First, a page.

I sell predominantly one-month options. This decision was NOT based on anything I read or was told, but rather on experience and common sense. Most stocks with options have at least four expiration cycles affiliated with them at any point in time…the current month, the next month and two more months further out based on the particular option cycle that particular equity has been assigned to. Stocks that also have LEAPS (long-term options) have more than four cycles. Using the options chains and the Ellman Calculator, I will make my case for selling mainly one-month options.
Three Reasons to Sell One-Month Options
1- It facilitates adhering to a core BCI guideline of never selling an option in a contract cycle that has an upcoming earnings report. Since earnings reports are made public on a quarterly basis for U.S. companies, selling short-term options allow us to move our stocks in and out of our portfolios (yet keep them on our watch lists if they still meet our system criteria).
2- Stocks have no loyalty to us. They can be our best friends one month and our worst enemies the next. Although we do have exit strategies to help control a negative situation (detailed in all my books and DVDs), the shorter the commitment we have to an equity, the less risk we incur.
3- We make the most money selling one-month options. I’m sure I have your attention now, so allow me to demonstrate via an options chain for Netlogic Microsystems (NETL), currently trading for $53.22 as shown in the figure below:
The option chain is shown in the chart below:
This information was captured after the February contracts expired. We will hone in on the March (one month out), April (two-months out) and July (five months out) contracts. Here is the information we glean from the options chain and will feed into the Ellman Calculator (single tab):
- The stock is trading @ $53.22 so we will look at the $55 call options
- The March $55 call returns $1.65/share (red circle)
- The April $55 call returns $2.55/share (blue circle)
- The July $55 call returns $4.70/share (green circle)
It may be tempting to opt for the higher dollar returns of the longer-term options; however we must factor in the time frame and logically deduce how to best put our money to work so as to generate the most profits. So let’s feed this information into the single tab of the Ellman Calculator, as illustrated in the chart below:
Now, in the next chart let’s examine the results of these calculations:
The ROO or initial percentage returns generated does NOT include the upside potential. Although the Ellman Calculator does give this information, I left it out of this graphic because all choices have the same upside, and I want to concentrate just on the initial option profit. Here are the ROO figures derived from the Ellman Calculator:
- The March $55 call returns 3.1% (green arrow)
- The April $55 call generates 4.8% (blue arrow)
- The July $55 call generates 8.8% (red arrow)
Once again, upon first glance it appears that the July $55 call will be the most lucrative for us until we annualize these percentages. To do so, we must convert these figures to a monthly return and multiply by 12, as follows:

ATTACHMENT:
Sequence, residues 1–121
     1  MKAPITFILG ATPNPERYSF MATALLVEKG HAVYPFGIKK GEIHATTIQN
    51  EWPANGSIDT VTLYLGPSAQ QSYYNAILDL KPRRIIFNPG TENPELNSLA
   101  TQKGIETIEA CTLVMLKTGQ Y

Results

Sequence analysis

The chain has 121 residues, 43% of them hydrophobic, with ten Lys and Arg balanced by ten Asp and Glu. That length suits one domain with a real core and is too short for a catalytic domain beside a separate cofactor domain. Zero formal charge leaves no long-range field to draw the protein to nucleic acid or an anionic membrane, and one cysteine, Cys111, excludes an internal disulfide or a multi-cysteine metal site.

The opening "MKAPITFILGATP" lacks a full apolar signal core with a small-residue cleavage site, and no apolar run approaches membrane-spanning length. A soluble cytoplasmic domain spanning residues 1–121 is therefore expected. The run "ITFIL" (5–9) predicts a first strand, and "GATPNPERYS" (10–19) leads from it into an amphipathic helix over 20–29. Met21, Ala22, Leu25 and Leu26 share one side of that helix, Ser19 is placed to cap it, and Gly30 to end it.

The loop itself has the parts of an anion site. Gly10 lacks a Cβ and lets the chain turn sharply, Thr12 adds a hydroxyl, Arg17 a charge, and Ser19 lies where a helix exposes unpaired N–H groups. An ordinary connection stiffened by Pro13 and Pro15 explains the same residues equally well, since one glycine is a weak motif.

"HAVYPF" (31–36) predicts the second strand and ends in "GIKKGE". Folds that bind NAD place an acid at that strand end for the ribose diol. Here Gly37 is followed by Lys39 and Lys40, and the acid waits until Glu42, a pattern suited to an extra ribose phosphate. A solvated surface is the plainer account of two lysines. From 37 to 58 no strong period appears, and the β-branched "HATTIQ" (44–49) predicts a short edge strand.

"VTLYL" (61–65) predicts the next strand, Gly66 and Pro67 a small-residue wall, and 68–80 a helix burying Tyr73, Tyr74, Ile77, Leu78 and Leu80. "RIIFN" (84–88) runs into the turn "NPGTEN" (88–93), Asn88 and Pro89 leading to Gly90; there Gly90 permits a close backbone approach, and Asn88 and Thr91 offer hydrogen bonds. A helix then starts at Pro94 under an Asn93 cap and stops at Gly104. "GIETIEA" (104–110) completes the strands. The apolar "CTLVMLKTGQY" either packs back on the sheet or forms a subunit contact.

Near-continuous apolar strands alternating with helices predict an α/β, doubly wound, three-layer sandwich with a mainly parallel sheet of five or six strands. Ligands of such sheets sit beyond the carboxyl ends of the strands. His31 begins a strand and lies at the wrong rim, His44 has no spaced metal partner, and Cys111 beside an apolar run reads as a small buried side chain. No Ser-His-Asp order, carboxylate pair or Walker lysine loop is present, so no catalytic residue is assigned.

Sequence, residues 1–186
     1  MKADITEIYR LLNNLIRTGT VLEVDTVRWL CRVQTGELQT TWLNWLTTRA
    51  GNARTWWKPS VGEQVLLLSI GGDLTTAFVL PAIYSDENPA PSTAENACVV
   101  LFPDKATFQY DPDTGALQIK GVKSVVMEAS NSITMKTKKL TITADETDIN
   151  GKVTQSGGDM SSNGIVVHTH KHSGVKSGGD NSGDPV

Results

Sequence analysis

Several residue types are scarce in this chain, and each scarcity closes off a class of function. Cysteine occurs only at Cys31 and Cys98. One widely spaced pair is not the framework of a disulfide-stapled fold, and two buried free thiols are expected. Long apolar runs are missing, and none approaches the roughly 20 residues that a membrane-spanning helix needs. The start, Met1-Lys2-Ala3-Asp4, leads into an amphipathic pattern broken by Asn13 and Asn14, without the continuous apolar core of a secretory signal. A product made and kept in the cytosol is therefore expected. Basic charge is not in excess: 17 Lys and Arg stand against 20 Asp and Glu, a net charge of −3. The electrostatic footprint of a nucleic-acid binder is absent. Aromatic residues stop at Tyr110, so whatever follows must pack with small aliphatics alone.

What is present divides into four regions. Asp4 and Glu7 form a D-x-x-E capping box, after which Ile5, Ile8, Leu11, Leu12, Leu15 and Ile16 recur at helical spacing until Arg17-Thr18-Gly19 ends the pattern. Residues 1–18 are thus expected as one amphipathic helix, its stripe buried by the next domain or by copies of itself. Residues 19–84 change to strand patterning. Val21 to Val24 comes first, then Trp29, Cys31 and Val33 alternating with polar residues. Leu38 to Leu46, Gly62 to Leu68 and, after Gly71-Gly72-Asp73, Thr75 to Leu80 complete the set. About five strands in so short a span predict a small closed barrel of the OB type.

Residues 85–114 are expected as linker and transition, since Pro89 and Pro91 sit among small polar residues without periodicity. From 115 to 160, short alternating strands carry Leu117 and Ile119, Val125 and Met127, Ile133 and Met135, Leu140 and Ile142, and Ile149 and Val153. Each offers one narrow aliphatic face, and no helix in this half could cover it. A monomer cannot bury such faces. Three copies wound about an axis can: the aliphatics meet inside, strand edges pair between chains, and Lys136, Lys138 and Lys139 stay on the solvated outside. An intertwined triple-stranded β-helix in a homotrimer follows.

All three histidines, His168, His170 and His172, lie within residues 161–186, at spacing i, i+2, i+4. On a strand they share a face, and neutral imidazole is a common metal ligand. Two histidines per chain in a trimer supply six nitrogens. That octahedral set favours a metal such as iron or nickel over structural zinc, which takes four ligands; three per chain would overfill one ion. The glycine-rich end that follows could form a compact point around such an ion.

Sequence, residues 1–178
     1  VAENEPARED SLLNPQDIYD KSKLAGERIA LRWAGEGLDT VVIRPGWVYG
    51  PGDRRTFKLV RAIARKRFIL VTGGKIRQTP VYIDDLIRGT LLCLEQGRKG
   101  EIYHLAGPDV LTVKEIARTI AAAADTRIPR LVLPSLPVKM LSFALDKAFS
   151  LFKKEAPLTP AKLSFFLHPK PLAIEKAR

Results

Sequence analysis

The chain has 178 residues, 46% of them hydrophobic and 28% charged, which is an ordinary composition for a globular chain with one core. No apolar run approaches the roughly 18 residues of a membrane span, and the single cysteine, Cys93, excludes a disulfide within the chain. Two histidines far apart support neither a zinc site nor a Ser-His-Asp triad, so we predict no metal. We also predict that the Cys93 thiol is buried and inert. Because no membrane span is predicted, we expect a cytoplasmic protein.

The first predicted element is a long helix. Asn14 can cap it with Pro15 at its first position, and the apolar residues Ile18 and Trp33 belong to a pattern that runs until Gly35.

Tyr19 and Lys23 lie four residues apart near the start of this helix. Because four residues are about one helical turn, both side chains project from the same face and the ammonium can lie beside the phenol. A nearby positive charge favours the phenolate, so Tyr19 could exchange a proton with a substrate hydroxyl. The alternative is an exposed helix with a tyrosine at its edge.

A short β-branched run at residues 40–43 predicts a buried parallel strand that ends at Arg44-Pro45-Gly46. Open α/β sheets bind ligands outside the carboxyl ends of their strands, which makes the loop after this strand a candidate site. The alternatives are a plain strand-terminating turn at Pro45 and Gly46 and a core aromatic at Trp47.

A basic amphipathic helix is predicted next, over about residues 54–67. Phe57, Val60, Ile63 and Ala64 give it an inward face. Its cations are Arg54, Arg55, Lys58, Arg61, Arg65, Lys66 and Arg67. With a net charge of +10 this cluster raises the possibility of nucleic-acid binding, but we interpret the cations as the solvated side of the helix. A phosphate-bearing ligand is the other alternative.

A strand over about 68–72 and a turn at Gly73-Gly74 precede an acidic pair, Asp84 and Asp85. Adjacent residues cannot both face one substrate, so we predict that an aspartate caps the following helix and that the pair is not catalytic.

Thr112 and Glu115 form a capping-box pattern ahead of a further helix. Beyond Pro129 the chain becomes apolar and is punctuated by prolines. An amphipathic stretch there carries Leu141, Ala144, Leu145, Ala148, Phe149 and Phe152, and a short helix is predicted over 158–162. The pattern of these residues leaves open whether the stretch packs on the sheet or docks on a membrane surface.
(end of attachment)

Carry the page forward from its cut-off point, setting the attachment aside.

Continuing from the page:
- March: 3.1%/1 x 12 = 37.2%
- April: 4.8%/2 x 12 = 28.8%
- July: 8.8%/5 x 12 = 21.1%
The one-month options outperformed the two-month options by more than 29% and the five-month options by more than 76%! I rest my case.
Video highlighted on homepage– Multiple Exit Strategies for the Same Contract Period:
Market tone + Let me vent:
Are you as angry as I am about the way Congress is representing our interests? This past week, the Super Committee’s failure to come up with $1.2 trillion in budget savings over the next ten years was yet another breakdown by Congress impacting our well-being (it should not, however, affect the U.S. credit rating or the interest rates paid on Treasuries or their value). Like spoiled little children our representatives are putting their mean-spirited politics above the best interests of the folks. In our BCI methodology of screening for stocks, the number one screen is “are options available”. This is an essential requirement for covered call writing. It is so obvious that some of you have suggested removing it from the stock screen. Can we draw an analogy as to the first screen or requirement for selecting a Senator or Representative? How about having the ability to compromise and negotiate? Too obvious and simple to mention? Not any more in my view. Most members of Congress don’t pass the first screen! Our watch list of politicians can be counted on one hand. Why can’t they understand that they represent all the people not only those that agree with their every talking point? Derek Jeter thinks he’s worth $20 Million/year for 4 years. The Yankees think he’s worth $15 Million/year for 2 years. He gets $15 Million/year for 3 years and everybody is happy. Both sides were represented. This viewpoint may be a bit overstated as there are probably a decent percentage of fair, competent and hard-working members of Congress. The others need to go and quickly. This isn’t American Idol where we may vote for our favorite character. In the eyes of this investor, if you are a member of Congress and you can’t compromise and negotiate or simply won’t you must go… now. Then let them try to get a job and see what it feels like on the other side. Enough venting!
This holiday-shortened week’s economic reports were positive but muted due to the failure of the supercommittee, Europe’s debt crisis and the Fed’s announcement of future stress tests for 31 US banks: